Moran’s and Sanghvi’s first arguments focused on part of the Attorney General’s report which falsely claimed that former Mayor Meg Kelly had failed to comply with the AG staff’s requests. Moran and Sanghvi purported to be morally outraged at the possibility of paying lawyer fees for someone who had failed to comply with the AG’s investigation.

Inconveniently for Moran and Sanghvi, however, Kelly’s attorney, Karl Sleight, had provided the city with correspondence thoroughly documenting his communications with the AG’s office, clearly refuting their allegation of non-cooperation. Sanghvi had crafted a fancy slide presentation containing the text from the AG report, and out of malice or incompetence, she found no need to acknowledge Sleight’s correspondence, let alone refute it. [This link to an earlier post explores all this in detail.]

More importantly, and indicative of how myopic Moran and Sanghvi are, even if the false information in the AG’s report had been accurate, it still would not have absolved the city of its obligation to pay Kelly’s attorney’s bill.

Public Works Commissioner Jason Golub and Public Safety Commissioner Tim Coll patiently tried to explain all this to them, but it did not deter Sanghvi from continuing her flawed arguments.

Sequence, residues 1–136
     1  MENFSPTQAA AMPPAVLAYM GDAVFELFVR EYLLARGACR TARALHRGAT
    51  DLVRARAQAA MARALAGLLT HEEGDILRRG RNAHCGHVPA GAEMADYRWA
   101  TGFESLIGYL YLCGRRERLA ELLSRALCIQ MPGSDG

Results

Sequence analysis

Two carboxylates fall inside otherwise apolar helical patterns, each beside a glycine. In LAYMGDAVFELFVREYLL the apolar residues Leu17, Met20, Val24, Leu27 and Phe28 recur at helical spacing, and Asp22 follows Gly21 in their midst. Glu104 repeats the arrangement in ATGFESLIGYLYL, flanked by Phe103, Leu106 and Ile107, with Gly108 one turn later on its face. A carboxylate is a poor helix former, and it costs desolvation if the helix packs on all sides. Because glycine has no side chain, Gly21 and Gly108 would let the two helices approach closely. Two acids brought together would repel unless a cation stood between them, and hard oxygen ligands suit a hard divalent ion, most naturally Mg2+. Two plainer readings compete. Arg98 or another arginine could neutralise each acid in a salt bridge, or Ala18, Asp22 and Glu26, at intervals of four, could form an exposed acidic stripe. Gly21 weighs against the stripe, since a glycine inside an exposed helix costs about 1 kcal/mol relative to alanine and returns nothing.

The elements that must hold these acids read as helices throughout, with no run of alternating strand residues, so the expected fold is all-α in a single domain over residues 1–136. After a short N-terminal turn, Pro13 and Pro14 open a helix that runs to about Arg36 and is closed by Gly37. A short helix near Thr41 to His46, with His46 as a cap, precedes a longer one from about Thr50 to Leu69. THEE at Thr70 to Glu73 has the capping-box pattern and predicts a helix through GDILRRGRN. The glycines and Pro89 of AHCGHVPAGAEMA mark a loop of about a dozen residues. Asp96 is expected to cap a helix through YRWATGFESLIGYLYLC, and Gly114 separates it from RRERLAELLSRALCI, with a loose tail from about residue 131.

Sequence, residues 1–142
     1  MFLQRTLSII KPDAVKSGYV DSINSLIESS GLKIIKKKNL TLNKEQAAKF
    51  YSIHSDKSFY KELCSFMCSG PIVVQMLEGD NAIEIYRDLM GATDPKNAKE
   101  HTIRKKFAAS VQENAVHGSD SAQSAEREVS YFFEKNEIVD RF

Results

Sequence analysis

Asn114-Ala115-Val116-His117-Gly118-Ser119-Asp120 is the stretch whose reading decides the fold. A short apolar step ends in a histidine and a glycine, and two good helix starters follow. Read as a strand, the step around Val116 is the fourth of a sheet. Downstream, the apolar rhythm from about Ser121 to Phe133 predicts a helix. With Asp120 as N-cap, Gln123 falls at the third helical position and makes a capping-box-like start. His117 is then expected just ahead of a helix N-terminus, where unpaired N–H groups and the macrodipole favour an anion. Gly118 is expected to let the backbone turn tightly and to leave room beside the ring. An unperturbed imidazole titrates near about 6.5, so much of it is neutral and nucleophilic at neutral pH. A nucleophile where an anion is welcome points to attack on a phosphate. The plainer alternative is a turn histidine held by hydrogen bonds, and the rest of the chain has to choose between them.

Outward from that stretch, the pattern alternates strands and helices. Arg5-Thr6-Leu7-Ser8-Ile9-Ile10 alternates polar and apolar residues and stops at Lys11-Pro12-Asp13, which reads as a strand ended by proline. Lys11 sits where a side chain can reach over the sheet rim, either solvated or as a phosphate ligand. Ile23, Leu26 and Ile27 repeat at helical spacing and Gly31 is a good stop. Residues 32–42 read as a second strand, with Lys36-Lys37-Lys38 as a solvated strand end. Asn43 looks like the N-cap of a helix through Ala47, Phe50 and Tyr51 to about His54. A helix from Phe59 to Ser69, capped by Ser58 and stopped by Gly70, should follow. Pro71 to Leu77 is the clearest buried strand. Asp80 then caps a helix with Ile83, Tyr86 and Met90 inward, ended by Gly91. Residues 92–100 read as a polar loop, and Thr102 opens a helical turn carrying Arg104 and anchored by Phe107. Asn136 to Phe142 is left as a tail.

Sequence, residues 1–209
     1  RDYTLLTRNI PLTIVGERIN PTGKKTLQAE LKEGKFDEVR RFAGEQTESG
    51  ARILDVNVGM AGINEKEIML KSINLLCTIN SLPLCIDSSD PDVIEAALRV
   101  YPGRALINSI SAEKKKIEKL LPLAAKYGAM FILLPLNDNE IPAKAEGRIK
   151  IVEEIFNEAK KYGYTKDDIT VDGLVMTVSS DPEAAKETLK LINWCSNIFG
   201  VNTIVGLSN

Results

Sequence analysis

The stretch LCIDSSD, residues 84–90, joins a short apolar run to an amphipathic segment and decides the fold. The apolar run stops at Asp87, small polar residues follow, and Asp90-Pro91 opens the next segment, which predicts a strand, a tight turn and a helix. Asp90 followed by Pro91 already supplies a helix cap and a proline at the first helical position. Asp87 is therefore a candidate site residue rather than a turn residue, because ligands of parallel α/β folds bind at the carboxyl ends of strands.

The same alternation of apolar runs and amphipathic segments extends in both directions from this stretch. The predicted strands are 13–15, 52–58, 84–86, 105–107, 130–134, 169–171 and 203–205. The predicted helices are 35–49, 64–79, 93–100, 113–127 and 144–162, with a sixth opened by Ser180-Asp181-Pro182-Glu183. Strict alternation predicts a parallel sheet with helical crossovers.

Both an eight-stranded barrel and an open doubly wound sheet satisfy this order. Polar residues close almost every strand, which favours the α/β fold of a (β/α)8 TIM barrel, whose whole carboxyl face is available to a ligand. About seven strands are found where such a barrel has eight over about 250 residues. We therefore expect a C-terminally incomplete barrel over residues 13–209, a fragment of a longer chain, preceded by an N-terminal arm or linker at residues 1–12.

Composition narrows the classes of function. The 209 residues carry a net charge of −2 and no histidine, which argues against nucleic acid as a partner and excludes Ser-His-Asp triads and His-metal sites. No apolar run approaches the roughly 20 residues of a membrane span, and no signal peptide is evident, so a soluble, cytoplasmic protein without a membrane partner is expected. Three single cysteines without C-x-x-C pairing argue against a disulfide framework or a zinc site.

One part of Sanghvi’s slide show compared the number of texts Robin Dalton had provided to the AG to Kelly’s. Sanghvi saw this as proof of Kelly’s non-compliance. As the video documents, Golub, who, as he points out, is a lawyer, was especially effective and clear in his attempts to explain to her the problems with this argument.

Sanghvi and Moran next became focused on what they saw as a contradiction in Mayor Safford’s comments. Safford had said he understood that the bill from Sleight would be the last, yet the resolution, they complained, said the city would pay future bills. Sanghvi and Moran claimed they had been told by the City Attorneys that the AG report was closed, so how could there be future bills? Sanghvi wanted a friendly amendment to cap the bills.